Boystown (now known as Northalsted) is a historic neighborhood located in the Lakeview area of Chicago. It is known for its vibrant LGBTQ+ community and has become one of the most famous LGBTQ+ neighborhoods in the world. The history of Boystown is rich and varied, dating back to the 19th century.
Originally, the area now known as Boystown was farmland owned by John E. Rinard. In the late 1800s, the area began to develop as a streetcar suburb of Chicago. The neighborhood had a diverse population, including German, Irish, and Scandinavian immigrants. However, it wasn’t until the 1960s and 1970s that the neighborhood began to take on its current identity as a center of LGBTQ+ culture.
During this time, many gay men and lesbians moved to the neighborhood, attracted by the cheap rents and the friendly atmosphere. Bars and other businesses catering to the LGBTQ+ community began to spring up, creating a vibrant nightlife scene. The first gay bar in Boystown, Little Jim’s Tavern, opened in the 1950s, and many more followed in the decades to come.
One of the defining moments in the history of Boystown came in 1985 when a young man named Mark Aguhar was sadly beaten to death in the neighborhood. The incident sparked widespread outrage and led to increased activism in the LGBTQ+ community. The following year, Boystown held its first Pride Parade, which has since become a beloved annual tradition.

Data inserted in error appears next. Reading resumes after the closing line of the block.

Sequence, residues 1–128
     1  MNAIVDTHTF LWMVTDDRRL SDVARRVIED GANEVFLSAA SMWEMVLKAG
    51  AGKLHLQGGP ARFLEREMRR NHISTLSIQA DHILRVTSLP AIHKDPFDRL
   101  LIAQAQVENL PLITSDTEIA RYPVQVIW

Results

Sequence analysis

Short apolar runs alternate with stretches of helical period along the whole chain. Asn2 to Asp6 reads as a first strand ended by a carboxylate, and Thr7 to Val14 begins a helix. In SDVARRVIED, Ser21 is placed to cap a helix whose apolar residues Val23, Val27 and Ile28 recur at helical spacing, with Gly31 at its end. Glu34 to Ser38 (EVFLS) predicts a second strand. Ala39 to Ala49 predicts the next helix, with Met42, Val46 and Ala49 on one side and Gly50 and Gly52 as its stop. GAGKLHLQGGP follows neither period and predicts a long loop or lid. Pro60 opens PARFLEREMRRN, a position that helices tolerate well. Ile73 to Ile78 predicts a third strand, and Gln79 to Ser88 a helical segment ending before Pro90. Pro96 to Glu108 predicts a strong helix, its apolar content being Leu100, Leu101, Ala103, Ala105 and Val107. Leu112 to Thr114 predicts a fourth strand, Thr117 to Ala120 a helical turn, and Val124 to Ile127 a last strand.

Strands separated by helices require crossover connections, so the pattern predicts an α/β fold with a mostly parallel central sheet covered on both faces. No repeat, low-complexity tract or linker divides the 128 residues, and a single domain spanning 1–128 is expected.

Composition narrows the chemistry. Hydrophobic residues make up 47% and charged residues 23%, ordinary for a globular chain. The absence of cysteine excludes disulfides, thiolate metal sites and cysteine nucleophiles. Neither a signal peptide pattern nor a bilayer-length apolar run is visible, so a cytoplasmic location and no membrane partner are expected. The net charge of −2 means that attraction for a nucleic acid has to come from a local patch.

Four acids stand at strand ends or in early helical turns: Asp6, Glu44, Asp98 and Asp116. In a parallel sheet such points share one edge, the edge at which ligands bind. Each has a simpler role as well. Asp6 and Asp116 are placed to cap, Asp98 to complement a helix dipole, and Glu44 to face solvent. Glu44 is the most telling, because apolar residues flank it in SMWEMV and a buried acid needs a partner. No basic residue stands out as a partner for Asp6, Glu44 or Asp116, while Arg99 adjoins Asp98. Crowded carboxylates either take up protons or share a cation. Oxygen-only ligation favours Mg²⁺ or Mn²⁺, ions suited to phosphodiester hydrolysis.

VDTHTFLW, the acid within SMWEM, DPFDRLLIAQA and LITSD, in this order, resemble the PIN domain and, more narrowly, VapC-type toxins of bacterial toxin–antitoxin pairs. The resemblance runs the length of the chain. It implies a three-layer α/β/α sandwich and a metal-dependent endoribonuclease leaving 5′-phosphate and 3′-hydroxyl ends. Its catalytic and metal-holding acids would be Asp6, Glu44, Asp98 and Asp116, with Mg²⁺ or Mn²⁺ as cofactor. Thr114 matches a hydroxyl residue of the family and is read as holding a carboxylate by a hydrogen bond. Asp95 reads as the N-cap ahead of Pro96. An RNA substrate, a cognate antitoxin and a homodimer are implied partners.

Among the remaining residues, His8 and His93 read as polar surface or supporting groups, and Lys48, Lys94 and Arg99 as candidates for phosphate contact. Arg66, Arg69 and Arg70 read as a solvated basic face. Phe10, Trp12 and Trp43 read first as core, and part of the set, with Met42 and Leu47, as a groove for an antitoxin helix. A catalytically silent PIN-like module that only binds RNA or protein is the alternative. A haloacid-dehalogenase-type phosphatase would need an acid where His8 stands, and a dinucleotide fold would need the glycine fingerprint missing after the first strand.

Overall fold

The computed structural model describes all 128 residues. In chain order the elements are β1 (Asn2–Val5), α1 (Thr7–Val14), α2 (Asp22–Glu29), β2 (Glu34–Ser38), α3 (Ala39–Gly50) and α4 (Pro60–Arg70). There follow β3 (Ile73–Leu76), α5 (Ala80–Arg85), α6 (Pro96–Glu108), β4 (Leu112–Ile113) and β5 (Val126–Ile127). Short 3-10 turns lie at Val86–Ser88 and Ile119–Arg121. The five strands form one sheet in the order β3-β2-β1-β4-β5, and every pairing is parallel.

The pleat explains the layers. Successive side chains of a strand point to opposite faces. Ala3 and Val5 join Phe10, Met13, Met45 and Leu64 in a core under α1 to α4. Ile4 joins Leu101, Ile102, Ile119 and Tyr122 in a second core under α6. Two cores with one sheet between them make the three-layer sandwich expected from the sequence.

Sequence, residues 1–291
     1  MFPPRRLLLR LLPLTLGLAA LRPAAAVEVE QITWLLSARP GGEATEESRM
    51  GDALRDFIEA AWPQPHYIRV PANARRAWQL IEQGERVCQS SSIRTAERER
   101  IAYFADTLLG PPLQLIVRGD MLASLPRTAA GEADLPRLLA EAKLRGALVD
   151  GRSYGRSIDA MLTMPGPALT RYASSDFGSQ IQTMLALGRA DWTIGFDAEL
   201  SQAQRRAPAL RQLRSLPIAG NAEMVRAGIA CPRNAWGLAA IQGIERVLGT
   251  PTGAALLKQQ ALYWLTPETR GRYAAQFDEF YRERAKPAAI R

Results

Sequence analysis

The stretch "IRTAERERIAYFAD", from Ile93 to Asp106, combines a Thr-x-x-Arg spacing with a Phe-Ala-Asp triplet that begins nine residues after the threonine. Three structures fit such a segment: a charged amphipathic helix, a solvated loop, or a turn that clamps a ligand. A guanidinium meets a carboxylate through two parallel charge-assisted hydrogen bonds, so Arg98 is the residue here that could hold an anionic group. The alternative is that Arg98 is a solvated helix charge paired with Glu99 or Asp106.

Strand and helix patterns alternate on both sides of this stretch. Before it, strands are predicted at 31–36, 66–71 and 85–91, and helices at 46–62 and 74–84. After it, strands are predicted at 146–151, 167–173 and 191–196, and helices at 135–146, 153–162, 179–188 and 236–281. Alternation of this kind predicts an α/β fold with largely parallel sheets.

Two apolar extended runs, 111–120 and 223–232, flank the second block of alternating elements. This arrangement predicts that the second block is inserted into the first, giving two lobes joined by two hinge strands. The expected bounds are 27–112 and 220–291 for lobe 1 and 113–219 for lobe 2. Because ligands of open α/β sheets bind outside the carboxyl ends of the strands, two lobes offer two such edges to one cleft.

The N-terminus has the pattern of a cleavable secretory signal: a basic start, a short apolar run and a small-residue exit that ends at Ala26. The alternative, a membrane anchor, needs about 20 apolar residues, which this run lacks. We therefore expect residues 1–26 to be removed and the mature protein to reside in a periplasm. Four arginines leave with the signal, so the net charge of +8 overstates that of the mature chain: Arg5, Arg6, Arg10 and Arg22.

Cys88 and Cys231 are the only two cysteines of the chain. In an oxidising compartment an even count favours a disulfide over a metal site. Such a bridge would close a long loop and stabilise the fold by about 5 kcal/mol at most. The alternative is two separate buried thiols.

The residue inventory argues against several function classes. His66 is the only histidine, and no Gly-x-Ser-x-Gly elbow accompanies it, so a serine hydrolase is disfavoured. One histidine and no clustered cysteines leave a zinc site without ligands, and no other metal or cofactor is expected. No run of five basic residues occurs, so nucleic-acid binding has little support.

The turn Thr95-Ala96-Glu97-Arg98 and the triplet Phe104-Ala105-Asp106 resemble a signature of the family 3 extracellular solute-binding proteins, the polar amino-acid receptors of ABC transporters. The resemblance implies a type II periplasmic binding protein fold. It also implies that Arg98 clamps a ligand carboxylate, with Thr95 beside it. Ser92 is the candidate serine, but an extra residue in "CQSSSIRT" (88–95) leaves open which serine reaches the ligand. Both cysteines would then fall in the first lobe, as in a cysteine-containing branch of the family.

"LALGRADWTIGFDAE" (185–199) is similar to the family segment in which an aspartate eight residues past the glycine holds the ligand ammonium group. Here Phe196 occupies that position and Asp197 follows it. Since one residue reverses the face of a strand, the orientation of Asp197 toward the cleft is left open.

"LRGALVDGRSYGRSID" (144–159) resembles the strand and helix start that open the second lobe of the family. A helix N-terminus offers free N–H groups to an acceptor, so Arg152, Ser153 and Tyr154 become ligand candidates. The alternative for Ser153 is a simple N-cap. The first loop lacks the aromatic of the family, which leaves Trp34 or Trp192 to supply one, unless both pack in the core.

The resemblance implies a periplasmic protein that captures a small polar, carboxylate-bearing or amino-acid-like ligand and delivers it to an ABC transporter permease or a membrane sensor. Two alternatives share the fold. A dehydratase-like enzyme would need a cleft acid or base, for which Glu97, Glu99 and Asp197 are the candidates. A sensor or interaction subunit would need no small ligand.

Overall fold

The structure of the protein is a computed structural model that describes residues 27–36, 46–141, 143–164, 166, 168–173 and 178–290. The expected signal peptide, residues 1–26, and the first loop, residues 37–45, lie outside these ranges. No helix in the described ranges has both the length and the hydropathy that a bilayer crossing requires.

Today, Boystown is home to a thriving LGBTQ+ community, as well as many other residents from diverse backgrounds. The neighborhood is known for its colorful architecture, lively nightlife, and wide range of shops, restaurants, and cultural attractions.
Despite its many successes and vibrant history, Boystown has faced some challenges in recent years. Some have criticized the neighborhood for becoming too gentrified and losing some of its gritty, grassroots character. Others have raised concerns about safety, particularly in the wake of several high-profile incidents of violence against members of the LGBTQ+ community.
Despite these challenges, Boystown remains a vital and important part of Chicago’s cultural landscape. Its history is a testament to the resilience and perseverance of the LGBTQ+ community, as well as the power of community activism and solidarity. Whether you’re a resident, a visitor, or simply an admirer from afar, there’s no denying the importance and impact of Boystown on Chicago and beyond.